Incarcerated abolitionist organizer Stephen Wilson began a hunger strike on April 7 to protest repression and retaliation he faced from the Pennsylvania Department of Corrections for speaking out about COVID-19 behind bars.
Wilson is imprisoned at SCI-Fayette, a prison located on a toxic waste dump south of Pittsburgh, where he has been a vocal critic of the Pennsylvania Department of Corrections’ (PADOC) weak response to the outbreak of COVID-19. He has been working with outside supporters to raise money for incarcerated people across Pennsylvania to buy their own soap, cleaning supplies, and sealed foods to help slow the spread of the virus.
Wilson also worked to get the word out about the conditions faced by people inside, expressing unflinching solidarity with all incarcerated people during this crisis.
For these simple actions, which PADOC sees as dangerous threats to its legitimacy, he has been sent to solitary confinement for 30 days.
On April 1, PADOC issued Wilson a misconduct report citing a message he sent over GTL ConnectNetwork, a privately contracted prisoner email service used in Pennsylvania. The message matched word-for-word a page on Wilson’s blog, called Dreaming Freedom, Practicing Abolition.
The report stated that a “preponderance of evidence shows that Inmate Wilson used GTL message system to have a post posted encouraging inmates to hunger strike.”
The post in question declared his solidarity with people hunger striking at New York City’s Rikers Island jail complex. That strike was organized to protest the lack of personal protective equipment, disconnected phones, and overcrowding—deadly conditions that are present even when a virus isn’t tearing through the city and its jails.
People incarcerated on Rikers Island made demands that were echoed in recommendations by the NYC Board of Corrections for moderate decarceration of the city’s jails: the immediate release of people over the age of 50, people jailed for parole violations, people especially vulnerable because of underlying health issues, and people serving sentences of less than one year.
Wilson wrote, “They should not have to go on hunger strike for these things to occur, but as usual, jail administrators refuse to prioritize prisoners’ health and well being. I fully support these prisoners and their demands.”
Preparing to defend himself from these charges at the hearing, Wilson looked to legal arguments for the protected status of hunger strikes as a form of symbolic free speech. He planned to point out the absurdity of the prison’s argument that sending a message to friends who post his words on a blog could ever “encourage” activity that was already underway on Rikers Island, and which people incarcerated there could not read, and could therefore not have an effect on security.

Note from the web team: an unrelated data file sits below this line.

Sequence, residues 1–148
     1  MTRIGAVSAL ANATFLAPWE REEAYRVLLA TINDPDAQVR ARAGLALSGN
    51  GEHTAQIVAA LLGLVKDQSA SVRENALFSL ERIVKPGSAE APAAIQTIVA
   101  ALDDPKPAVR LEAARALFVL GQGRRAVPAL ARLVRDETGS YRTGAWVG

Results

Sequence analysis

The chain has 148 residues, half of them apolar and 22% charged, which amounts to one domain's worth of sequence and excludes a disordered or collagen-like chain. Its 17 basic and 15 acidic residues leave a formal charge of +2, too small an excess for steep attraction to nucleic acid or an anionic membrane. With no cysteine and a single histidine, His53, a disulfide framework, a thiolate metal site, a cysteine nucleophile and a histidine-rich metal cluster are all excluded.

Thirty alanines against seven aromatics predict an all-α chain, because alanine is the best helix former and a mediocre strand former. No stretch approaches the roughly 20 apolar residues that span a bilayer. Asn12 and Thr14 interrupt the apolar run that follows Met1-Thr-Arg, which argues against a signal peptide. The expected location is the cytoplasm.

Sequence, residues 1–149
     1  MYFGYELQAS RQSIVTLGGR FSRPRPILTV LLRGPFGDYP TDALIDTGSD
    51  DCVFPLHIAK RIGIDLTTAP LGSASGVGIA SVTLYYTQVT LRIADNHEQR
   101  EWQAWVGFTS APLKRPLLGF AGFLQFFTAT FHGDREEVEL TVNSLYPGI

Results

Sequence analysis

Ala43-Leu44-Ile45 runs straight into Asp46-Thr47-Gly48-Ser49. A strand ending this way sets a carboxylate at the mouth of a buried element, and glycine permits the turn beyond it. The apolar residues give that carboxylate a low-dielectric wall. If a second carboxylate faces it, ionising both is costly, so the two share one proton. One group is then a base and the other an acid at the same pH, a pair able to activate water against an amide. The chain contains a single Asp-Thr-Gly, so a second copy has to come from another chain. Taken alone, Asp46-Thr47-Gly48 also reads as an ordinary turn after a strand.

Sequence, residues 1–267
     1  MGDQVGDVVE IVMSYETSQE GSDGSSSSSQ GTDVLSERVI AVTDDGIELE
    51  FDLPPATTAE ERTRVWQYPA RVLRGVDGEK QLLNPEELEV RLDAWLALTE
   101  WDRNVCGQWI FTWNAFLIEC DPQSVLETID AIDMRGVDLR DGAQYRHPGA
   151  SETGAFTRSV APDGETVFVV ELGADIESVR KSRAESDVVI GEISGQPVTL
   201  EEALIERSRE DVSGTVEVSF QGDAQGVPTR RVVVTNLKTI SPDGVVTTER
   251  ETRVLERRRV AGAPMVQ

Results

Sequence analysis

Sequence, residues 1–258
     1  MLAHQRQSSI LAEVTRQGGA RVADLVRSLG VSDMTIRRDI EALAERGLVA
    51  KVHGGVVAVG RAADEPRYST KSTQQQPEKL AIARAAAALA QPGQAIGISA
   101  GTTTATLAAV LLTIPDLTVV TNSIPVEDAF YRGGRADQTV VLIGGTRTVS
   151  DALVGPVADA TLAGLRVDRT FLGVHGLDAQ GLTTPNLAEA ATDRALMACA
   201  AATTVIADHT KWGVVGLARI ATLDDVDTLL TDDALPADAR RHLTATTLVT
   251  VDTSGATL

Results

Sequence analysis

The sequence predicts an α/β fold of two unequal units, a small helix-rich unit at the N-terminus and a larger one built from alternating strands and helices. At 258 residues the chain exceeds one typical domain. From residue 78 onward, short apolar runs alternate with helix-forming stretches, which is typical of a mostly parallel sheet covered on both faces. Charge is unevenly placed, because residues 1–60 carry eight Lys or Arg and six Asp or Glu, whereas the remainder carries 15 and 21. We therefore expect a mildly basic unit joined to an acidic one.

But when Wilson arrived at the hearing on the morning of April 7, the official overseeing the hearing had a very different set of accusations. According to Wilson, the official claimed he had somehow accessed the website and copied the message of solidarity into emails that he then circulated. The prison rejected the idea that Wilson had written those words as “impossible.”
Not only was there no evidence to substantiate this claim, but the timestamps show the GTL message from Wilson was sent before the blog post was published.
As punishment, Wilson was subjected to isolation for 30 days—a punishment harsh enough to elicit sympathy and surprise from nearby corrections officers.
Wilson appealed the misconduct report and is exploring legal options with outside supporters.
“They struck first, now it’s my turn,” he said on April 7, vowing to continue to hunger strike until he is released from the hole.
As of Monday April 13, Wilson had not eaten for a week, refusing 20 meals. He is committed to a response proportionate to the repression, which means a legal challenge that fully restores his right to free speech and, most importantly for him, keeps PADOC from doing this to repress and intimidate others.